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The Gooderham & Worts families emigrated from the Scole / Bungay area of England in the early 1830s, arriving in York, (now Toronto, Canada). First came James Worts, accompanied by his 13 year-old son, James Gooderham Worts. They built the windmill near the mouth of the Don River. They were followed in 1832 by William and Ezekiel Gooderham, their sister, Elizabeth (James Worts' wife) and 54 extended family members. Over the following 75 years, these families created the largest distillery in the world, as well as contributing to milling, banking, railways, shipping, farming and other essential components of the growing industrial country. They were active in the church and in various communities, as well as in health care and even in our political institutions. In 2013, descendants of the Gooderham and Worts families created an online website that includes a family tree with photos, documents and stories.


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1869 Great Fire of ‘69

Crowds stare, firemen pump, and flames rage during the Great Fire of October 26, 1869 G&W

At six o’clock on Tuesday, October 26, 1869 – just as William Gooderham and his family were sitting down for dinner (or “tea”) – a small cask of benzene caught fire and exploded in the fermenting cellar of his 1860 Stone Distillery, precipitating a night of high drama by the Lake. Within minutes, flames were licking the floor, workmen had descended on the spot, and the alarm rang out across the city. Before long, crowds of people were racing along snow-covered streets toward the scene, guided by the “luminous mass of flames” lighting up the Toronto sky, and throwing a “lurid mantle” over the city. The fire was visible for miles into the countryside, with distant Weston Road being lit better by the distillery fire than the usual gas streetlights. Within minutes, the City’s two volunteer fire brigades had arrived at the scene and the firemen set to work “with a heartiness, good will and judgment which spoke volumes for their skill and pluck.” They would need both during the long night ahead.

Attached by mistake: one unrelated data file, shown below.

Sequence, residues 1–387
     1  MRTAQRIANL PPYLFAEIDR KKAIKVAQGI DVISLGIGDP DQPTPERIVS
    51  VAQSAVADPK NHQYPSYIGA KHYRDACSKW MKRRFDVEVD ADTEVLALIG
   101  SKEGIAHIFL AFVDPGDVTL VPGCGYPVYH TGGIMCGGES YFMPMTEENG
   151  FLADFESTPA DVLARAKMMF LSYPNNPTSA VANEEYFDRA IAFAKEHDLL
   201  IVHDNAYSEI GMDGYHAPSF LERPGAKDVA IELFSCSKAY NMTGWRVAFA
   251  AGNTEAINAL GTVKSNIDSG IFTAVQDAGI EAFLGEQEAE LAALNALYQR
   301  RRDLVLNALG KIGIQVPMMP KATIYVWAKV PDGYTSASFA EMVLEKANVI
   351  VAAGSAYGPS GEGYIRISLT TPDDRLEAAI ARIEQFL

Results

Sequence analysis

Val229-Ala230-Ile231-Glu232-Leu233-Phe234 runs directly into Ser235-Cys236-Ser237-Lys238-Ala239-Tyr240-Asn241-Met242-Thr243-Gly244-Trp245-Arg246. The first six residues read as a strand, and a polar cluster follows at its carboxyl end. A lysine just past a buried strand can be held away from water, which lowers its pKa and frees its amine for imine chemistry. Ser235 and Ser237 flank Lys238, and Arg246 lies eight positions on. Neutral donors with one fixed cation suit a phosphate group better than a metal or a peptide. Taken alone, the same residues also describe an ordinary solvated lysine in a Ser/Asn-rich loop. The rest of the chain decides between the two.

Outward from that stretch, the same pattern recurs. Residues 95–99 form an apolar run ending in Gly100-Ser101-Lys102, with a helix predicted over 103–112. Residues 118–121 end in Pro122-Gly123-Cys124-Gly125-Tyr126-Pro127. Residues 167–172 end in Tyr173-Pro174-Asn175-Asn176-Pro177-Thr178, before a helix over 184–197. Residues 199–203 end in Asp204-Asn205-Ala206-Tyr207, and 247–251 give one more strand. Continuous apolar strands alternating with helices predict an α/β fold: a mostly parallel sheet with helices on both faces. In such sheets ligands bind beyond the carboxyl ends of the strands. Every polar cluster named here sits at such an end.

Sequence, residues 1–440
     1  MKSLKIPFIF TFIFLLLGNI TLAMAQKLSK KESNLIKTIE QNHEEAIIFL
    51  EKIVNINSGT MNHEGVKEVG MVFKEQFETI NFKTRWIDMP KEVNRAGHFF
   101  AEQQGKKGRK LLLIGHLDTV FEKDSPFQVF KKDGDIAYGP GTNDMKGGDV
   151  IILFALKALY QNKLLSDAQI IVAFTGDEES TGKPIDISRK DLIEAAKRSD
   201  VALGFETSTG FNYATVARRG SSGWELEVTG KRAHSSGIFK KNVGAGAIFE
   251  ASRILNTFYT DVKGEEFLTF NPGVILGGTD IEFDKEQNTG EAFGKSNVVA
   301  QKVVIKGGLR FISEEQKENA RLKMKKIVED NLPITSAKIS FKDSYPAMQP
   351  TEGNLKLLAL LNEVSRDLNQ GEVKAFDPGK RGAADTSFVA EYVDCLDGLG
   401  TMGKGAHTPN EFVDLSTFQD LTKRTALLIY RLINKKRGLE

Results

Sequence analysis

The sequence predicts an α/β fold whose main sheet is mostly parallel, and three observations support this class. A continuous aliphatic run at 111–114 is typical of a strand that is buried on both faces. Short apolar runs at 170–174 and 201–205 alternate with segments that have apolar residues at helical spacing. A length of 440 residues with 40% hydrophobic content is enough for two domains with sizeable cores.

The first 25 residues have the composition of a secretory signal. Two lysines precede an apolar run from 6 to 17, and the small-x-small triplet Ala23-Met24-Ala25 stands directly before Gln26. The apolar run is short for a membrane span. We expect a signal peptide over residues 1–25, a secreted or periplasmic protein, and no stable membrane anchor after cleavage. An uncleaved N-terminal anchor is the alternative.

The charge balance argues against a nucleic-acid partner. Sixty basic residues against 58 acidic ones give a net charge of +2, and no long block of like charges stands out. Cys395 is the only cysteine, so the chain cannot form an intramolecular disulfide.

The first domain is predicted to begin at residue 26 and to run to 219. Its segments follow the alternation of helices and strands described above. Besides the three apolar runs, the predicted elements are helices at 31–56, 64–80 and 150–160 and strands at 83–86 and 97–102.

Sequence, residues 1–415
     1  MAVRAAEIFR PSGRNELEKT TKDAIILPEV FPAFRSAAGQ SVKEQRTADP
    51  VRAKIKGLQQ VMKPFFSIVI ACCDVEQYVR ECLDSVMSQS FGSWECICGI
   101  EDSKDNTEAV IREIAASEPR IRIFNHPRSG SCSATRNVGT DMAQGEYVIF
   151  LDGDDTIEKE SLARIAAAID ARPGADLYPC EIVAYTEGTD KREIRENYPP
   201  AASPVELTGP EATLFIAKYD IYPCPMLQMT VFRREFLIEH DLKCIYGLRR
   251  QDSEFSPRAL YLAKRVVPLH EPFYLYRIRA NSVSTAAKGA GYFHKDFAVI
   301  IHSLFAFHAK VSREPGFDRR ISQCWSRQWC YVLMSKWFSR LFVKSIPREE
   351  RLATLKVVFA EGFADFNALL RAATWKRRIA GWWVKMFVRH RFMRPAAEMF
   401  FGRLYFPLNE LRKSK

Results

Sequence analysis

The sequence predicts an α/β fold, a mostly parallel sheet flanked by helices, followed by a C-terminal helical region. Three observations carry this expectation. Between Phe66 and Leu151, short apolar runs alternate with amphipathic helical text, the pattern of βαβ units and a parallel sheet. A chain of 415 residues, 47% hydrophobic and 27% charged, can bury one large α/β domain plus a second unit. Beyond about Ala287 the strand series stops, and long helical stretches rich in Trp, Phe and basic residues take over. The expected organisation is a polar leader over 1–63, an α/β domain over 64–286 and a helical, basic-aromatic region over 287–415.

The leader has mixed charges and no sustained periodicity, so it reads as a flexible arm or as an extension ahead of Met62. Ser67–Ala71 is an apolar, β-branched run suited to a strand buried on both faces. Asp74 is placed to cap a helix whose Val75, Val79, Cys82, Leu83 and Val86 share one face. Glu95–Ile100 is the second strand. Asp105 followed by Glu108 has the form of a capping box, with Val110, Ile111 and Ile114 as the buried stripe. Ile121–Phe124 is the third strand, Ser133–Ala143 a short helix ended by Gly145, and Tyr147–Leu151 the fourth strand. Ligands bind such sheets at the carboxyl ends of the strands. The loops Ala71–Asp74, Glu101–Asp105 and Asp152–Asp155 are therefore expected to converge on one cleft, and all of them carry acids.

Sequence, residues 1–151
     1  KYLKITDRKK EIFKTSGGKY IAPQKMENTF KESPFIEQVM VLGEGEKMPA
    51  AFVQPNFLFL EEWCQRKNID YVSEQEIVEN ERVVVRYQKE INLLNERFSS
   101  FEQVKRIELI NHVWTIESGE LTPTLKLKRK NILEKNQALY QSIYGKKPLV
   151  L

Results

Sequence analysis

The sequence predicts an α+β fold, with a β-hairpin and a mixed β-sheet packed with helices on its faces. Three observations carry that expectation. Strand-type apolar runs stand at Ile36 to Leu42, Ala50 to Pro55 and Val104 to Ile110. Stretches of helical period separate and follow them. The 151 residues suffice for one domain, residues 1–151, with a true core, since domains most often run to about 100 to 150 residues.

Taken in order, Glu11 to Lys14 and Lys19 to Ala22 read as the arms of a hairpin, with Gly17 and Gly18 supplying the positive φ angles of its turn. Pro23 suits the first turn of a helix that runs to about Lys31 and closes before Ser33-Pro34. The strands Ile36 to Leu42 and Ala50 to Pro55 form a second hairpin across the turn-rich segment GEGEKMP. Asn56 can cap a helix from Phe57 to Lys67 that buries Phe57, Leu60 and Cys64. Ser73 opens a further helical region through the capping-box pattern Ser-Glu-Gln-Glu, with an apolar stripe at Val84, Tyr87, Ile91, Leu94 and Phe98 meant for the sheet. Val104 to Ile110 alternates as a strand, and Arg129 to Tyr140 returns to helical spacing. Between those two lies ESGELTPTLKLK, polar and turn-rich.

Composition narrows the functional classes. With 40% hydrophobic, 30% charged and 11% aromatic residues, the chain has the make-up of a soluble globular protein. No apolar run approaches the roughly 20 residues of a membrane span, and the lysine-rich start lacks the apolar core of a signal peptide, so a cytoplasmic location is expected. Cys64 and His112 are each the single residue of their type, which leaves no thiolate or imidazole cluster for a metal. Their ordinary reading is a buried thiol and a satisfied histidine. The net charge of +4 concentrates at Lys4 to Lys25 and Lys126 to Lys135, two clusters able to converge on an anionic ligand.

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We ask you to help! If you are a descendant, historian or some other person with relevant information or material, please get in touch. Nothing related to living descendants will be available to the public. In fact, public information will be limited to people who died in the 19th or early 20th centuries.

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